FIFF Namur is short for ‘Festival International du Film Francophone de Namur,’ a.k.a. International Film Festival of the French-language Film in Namur (Belgium). Honoring French-speaking films from all continents, it was first organized in the mid-1980s, and has become a renowned yearly event, very well-organized, highly professional and has compiled an incredible list of guests over the years, including Marion Cotillard, Kristin Scott Thomas, Jean Rochefort, Audrey Tautou, Mélanie Laurent, and numerous others.
This year’s most prominent guests include French actress Sandrine Bonnaire, a Festival habituée in the meantime, and Belgian filmmakers Jean-Pierre and Luc Dardenne, who introduced their latest film “La fille inconnue” (“The Unknown Girl”) to the audience at the Festival’s opening night.
During a press conference in Namur, earlier that day, the Dardenne brothers talked to the Belgian press about “La fille inconnue.”
Since the film was screened at the Cannes Film Festival last May, it has been slightly re-edited. Why did you do that?
[Luc Dardenne] In all, we cut about seven and a half minutes. We had reached a point when we had to look at the film from a different angle; as a spectator, you’re less involved now in the chronological order of what happens in Jenny’s life [character played by Adèle Haenel], but you’re more focused on what’s really going on in her head. Things are more in perspective now, and the film is exactly as we want it. When we were in Cannes, we still had some doubts. The reason for re-editing the film and for getting things right now, is also because for the very first time, we didn’t take any time off between shooting and editing the film. We kept on working and became sort of prisoners of our own schedule: we were so involved and fascinated with our own work and what we were doing—it’s like you’re totally absorbed by own rhythm.
In the past, you have often worked with unknown actors and discovered new talent, while in your latest films, you have cast very well-known actresses such as Cécile De France, Marion Cotillard and Adèle Haenel. Is there a reason for this different approach?
[Luc Dardenne] We just wanted to try something else. That’s it, you know. We just wanted to see how it would work out, if it would be interesting. Our collaboration with Marion, for example, worked out extremely well [for “Deux jours, une nuit,” a.k.a. “Two Days, One Night”]. For us, it was very interesting to see what the result of her performance in a film of ours would be like and how we would be able to work together. After all, our world is not entirely hers.
[Jean-Pierre Dardenne] But it didn’t really change the way we work. We still rehearse four to five weeks on the actual locations before we start shooting, with all the actors and the actresses, and we use a small camera. Of course, every actor is different. It all depends. There are non-professional actors who tend to play their characters as they would act or react in daily life, others use a certain kind of technique of their own. When rehearsing, it gives us enough time to straighten things out between the actors, so that in the end, all the performances are on the same level, and by the time we start shooting there are no indifferences at all.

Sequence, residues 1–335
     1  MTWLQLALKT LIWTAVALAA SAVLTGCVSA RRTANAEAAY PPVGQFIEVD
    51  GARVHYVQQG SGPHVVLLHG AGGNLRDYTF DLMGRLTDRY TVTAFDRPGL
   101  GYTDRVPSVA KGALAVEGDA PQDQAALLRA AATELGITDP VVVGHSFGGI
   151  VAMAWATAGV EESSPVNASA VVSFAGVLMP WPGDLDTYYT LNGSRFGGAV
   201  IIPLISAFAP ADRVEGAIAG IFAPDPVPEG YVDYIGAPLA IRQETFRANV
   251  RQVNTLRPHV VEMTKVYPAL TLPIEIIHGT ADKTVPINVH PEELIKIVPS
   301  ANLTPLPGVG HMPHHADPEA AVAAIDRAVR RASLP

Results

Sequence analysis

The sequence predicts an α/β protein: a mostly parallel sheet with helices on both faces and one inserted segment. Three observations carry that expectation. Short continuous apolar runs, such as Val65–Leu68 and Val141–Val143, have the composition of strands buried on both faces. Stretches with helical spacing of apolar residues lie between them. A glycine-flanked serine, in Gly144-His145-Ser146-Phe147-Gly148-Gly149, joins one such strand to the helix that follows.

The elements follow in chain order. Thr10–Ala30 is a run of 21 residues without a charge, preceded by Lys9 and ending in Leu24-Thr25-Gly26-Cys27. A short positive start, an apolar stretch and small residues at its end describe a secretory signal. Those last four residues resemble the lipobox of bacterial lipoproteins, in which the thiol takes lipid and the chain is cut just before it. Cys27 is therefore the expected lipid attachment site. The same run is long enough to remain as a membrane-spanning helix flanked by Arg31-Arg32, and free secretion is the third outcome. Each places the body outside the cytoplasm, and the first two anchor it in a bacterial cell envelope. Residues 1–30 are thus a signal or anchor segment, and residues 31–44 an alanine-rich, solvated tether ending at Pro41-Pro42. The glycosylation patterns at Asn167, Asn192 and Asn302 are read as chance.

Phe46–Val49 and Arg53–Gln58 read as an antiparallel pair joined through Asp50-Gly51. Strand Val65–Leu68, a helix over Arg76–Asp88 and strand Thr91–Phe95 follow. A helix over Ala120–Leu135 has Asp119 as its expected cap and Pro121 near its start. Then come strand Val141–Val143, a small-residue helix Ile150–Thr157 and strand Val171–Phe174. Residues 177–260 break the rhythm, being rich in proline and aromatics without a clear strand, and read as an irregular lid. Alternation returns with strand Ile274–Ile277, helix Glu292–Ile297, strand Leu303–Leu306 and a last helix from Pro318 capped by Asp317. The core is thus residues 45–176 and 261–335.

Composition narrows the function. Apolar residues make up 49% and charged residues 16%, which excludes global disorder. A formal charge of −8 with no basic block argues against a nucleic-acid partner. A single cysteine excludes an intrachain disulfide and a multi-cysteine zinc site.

Is there a reason why the main character in “La fille inconnue” is once again a woman?
[Luc Dardenne] When we were writing the screenplay, we thought it would be logical that with a woman playing the character in the title role, the doctor had to be a woman as well. She was also the victim of violence in a few scenes. If we had a male doctor, we wouldn’t be able to tell the same story.
Have you ever considered doing a comedy?
[Jean-Luc Dardenne] We like comedies a lot, but I don’t think we’re the kind of filmmakers who should be doing a comedy. The scripts we write and the films we make, that’s really what we do. In film history, also in the theater, the actors or directors who do both, often started doing comedies before turning to tragedies or dramas. But those who began in the genre of tragedies or dramas, rarely make comedies. Voilà, but you never know.
Who convinced you to have the premiere of “La fille inconnue” here at the Festival International du Film Francophone [FIFF] in Namur?
[Luc Dardenne] Our Belgian distributor Cinéart thought it would be wise to come to this Festival first, before releasing the film nationwide. That means that the FIFF is a very important Festival in Belgium. The same thing happened in Switzerland: our Swiss distributor asked us to come over for two days to the Festival of Bienne. In the Netherlands there is the Dutch Film Festival in Utrecht, so to many distributors, it is very important to launch their films at a Festival which is influential and highly regarded in their country—like this Festival is important for Belgium.
How do you explain that, after “La promesse” , all of your films were successful, while your earliest films were hardly noticed?
[Luc Dardenne] The first one was something entirely different, it was an adaptation of a stage play, you can’t compare that one with the ones we did later on. But you have to remember that the public and the critics are always right, you know. They see the films and they have to appreciate them. If you don’t get their recognition, you got nothing. So those first films simply weren’t good enough.
Festival International du Film Francophone de Namur, Namur (Belgium)
September 30, 2016
The trailer of “La fille inconnue,” a.k.a. “The Unknown Girl”